July 18, 2001 11:00 pm

By Ray Linker

Observer Staff Writer

The La Grande City Council Wednesday night voted to raise garbage rates by $1.75 a month to help defray the cost of a yard waste depot program and at the same time indicated it plans to get tough on backyard burning violators.

But that did not stop two members of the citys Air Quality Commission from resigning. The commission, which advises the council, wants a complete ban on all yard debris burning, but the council would not go along with that.

The council got bogged down in parliamentary procedures but appeared to come to a consensus that the city would discuss the issue again next month after ordering staff to come up with a plan to crack down on people who burn such things as plastic, green material such as grass and other things that cause a lot of smoke and smolder for a long time.

The majority did not appear to favor a total ban on backyard burning.

The vote early in the discussion was 4-3 to table the ordinance that proposed a total ban, but this angered councilor Joel Goldstein, who said that tabling the issue was using a parliamentary maneuver to cut off discussion. I feel blindsided.

Mayor Colleen Johnson said, I dont like burning, but my alternative would not be to go to a total ban. Its difficult for the council where two-thirds of the citizens say they want some form of burning.

Goldstein said a survey Johnson referred to did not address the issue properly.

A persons right to breathe was not addressed, he said.

Air Quality Commission chairman Pam Kleeman and member Dorothy Fleshman resigned. Kleeman said her work was done, that the commission had spent three years researching the burn issue and recommended the complete ban based on the interests of all the city.

Its an issue of air quality. Recycling encompasses more than debris burning, Kleeman said.

She chastised the council, saying, evading the issue will not make the problem go away.

Fleshman said that tabling the issue was the last straw for me ... the commission findings had very little impact.

She said the commission had worked very diligently in leading the way to educate the public about the health hazards of smoke.

The city council wont vote on the issue, she said. I had hoped they would recognize the (health) danger and be leaders, do something about it. The commission was not even involved in the decision to delay.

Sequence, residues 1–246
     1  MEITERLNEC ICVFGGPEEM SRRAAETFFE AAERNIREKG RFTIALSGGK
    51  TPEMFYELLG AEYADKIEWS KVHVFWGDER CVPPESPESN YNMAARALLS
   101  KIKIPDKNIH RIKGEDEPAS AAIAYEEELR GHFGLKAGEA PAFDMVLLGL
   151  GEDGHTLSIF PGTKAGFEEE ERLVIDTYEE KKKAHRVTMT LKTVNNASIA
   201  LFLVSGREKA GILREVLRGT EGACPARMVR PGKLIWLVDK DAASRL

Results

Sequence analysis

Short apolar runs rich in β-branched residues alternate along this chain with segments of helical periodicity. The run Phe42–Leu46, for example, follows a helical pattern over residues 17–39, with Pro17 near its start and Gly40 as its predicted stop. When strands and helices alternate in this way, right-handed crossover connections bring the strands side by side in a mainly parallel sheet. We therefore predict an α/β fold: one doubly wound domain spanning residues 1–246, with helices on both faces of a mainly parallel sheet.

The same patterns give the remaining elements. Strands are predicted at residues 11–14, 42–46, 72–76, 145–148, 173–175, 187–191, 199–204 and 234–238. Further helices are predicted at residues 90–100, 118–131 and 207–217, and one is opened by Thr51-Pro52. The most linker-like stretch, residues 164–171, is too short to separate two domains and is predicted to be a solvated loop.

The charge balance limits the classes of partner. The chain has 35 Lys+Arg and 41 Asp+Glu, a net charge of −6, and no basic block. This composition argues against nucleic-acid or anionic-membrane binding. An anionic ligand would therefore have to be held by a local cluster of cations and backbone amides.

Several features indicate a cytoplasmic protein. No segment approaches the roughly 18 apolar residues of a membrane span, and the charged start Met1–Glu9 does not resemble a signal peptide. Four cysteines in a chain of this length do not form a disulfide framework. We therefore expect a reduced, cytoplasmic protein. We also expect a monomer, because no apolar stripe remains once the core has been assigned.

Fleshman, who has been involved with both city and county efforts dealing with burning over the past 10 to 12 years, said she was frustrated with the attitudes of our leadership. Nearing 75 years of age and having fought the good fight, I believe the stress of watching good people do nothing is starting to take its toll on my health.

She said in her resignation letter she had been watching the political footballs rather than authority willing to do the right thing for the health of people.

Adding the $1.75 monthly fee would permit subscribers to the City Garbage Service, a private company with the franchise to collect garbage in the city, to take yard debris to the Material Recovery Facility on Highway 30 free of charge. The program takes effect Aug. 1.

The city feels this yard waste depot will encourage community composting of green waste rather than having it taken to the land fill. This should result in a reduction in the amount of yard debris that is burned, thus benefiting the air quality in the city.

Ron Larvik, the owner of City Garbage Service, said in an interview that the decision to delay establishing a recycling program in La Grande was entirely a city staff decision and is a separate issue from the proposed ban on backyard burning.

City staff had recommended to the council that the proposed ordinance to ban backyard burning by April 1, 2002, be tabled indefinitely. Community Development Director Mike Hyde said the city council had indicated it needed more information on the likelihood of increased garbage rates before imposing a total ban.

Under an existing ordinance, backyard burns are permitted four months of the year, two in the spring and two in the fall.

Larvik said in an interview he was not the stumbling block to the idea of establishing fees for recycling.

We had the numbers ready last year on the alternative to burning. I presented the numbers to both a city council work session and at a regular city council meeting, Larvik said.

Garbage dumping rates will go up countywide when the county closes the Fox Hill Landfill within the next two to five years. After that, garbage will be hauled to a regional landfill at an estimated minimum of $50 per ton.